Maybe it is a defense that continues to shut down opponents. Sure the Jets moved the ball well in the first half, but that ended. When the Vikings needed a stop late in the game the defense arose to the challenge. And that was with Asher Allen and Lito Sheppard as the corners. The red zone defense was amazing. In four games the Vikings have stopped 35 third down attempts, while allowing only 16 conversions. As bad as the Vikings offense has been, they have out-rushed, out-averaged, out-possessed, and out-passed their opponents. That is how good the defense is.
I know many are unhappy with the coaching, game management, and philosophy of Brad Childress, coordinator Bevell, and others. They struggle with using time outs to think about extra-point attempts, or the lack of focusing on a running back that is third in the league in rushing, averaging 5.5 yards per carry, and has zero fumbles. Others fear that the age factor and injuries to Brett Favre spell doom. His seven interceptions in the first four games puts him position to finish with 28 on the season. Even Sam Bradford has a better rating, for heaven's sake.
And Chicago is 4-1 on the season, with games versus Seattle, Washington, and Buffalo next. And the Bears are 2-0 in the division. Green Bay is 3-2, and scoring 23.6 points per game with a rabid air attack. Aaron Rodgers, JerMichael Finley, Greg Jennings, and Donald Driver are as skilled as any in the passing game. Both have a fairly large lead over Minnesota in the Central.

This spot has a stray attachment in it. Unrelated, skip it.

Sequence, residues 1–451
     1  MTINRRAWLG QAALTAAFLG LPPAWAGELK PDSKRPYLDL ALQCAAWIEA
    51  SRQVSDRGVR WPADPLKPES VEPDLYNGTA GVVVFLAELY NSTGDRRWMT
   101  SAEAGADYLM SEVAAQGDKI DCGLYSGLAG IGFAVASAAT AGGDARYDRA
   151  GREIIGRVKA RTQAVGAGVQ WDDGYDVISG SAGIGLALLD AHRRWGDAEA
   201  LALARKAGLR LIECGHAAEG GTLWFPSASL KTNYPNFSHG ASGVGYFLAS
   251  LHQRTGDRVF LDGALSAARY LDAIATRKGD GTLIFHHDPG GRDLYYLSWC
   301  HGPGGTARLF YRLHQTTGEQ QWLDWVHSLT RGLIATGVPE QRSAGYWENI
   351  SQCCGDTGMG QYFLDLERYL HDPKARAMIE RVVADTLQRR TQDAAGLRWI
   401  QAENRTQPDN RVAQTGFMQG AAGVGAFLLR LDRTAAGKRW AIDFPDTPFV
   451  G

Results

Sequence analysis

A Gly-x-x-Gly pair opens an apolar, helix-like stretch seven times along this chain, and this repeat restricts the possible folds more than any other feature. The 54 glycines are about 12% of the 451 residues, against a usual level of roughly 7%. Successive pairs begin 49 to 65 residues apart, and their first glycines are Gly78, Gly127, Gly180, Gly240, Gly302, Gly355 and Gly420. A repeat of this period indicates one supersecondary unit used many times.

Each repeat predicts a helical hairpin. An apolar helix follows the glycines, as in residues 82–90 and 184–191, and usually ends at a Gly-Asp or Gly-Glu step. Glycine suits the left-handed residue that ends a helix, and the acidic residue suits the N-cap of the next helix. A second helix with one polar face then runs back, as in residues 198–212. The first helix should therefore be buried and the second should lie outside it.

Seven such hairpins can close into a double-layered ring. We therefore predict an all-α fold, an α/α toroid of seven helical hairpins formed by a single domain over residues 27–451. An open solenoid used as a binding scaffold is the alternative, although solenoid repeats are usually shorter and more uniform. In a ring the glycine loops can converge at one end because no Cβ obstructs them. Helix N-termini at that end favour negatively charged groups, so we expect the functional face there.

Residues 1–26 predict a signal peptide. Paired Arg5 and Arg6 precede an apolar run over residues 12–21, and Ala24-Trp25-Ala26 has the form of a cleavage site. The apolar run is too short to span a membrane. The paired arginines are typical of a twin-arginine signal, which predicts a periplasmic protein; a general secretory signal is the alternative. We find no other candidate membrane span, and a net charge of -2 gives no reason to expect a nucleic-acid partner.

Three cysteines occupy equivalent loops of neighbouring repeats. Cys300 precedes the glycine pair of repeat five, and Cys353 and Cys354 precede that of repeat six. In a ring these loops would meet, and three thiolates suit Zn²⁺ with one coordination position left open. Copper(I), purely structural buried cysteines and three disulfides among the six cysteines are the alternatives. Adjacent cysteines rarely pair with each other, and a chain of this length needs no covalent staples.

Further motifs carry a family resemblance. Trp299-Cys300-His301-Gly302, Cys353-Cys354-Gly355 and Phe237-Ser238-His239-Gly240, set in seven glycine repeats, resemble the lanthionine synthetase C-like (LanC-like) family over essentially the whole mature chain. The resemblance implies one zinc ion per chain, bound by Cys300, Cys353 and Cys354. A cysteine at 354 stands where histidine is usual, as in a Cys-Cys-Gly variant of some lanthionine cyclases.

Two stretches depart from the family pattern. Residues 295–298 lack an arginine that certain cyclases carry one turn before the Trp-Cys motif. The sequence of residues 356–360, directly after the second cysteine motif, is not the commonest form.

And then more kool aid.
Minnesota is about to explode. The surge last night was a sign of great things to come soon. The defense will only get better up front, and Favre is starting to connect long with his new receiver (Moss) and his young one (Harvin). Adrian Peterson is on fire, easily one of the strongest backs to ever play the game. He may cross the 2,000 yard mark this year. Childress and friends know enough to not get in the way, they will be able to let these players succeed.
And the Packers are reeling from injuries. Losing guys like Ryan Grant, Harrell, Aaron Rodgers, Finley, and many more are showing a lack of depth. Watching the Redskins attack around slow tackles and pummel Rodgers was proof that Green Bay may not waltz into the playoffs. The secondary was mediocre at best. If not for Clay Matthews, I am not sure any Packer would have gone noticed on defense. And the Bears, while facing an easy few weeks ahead, are certainly not a shoe-in for the division title. I think their defense is better than advertised, but I cannot endorse any offense that has Jay Cutler at the helm. Ever. And I believe the Bears could easily go 2-6 in the 2nd half of their schedule. Easily.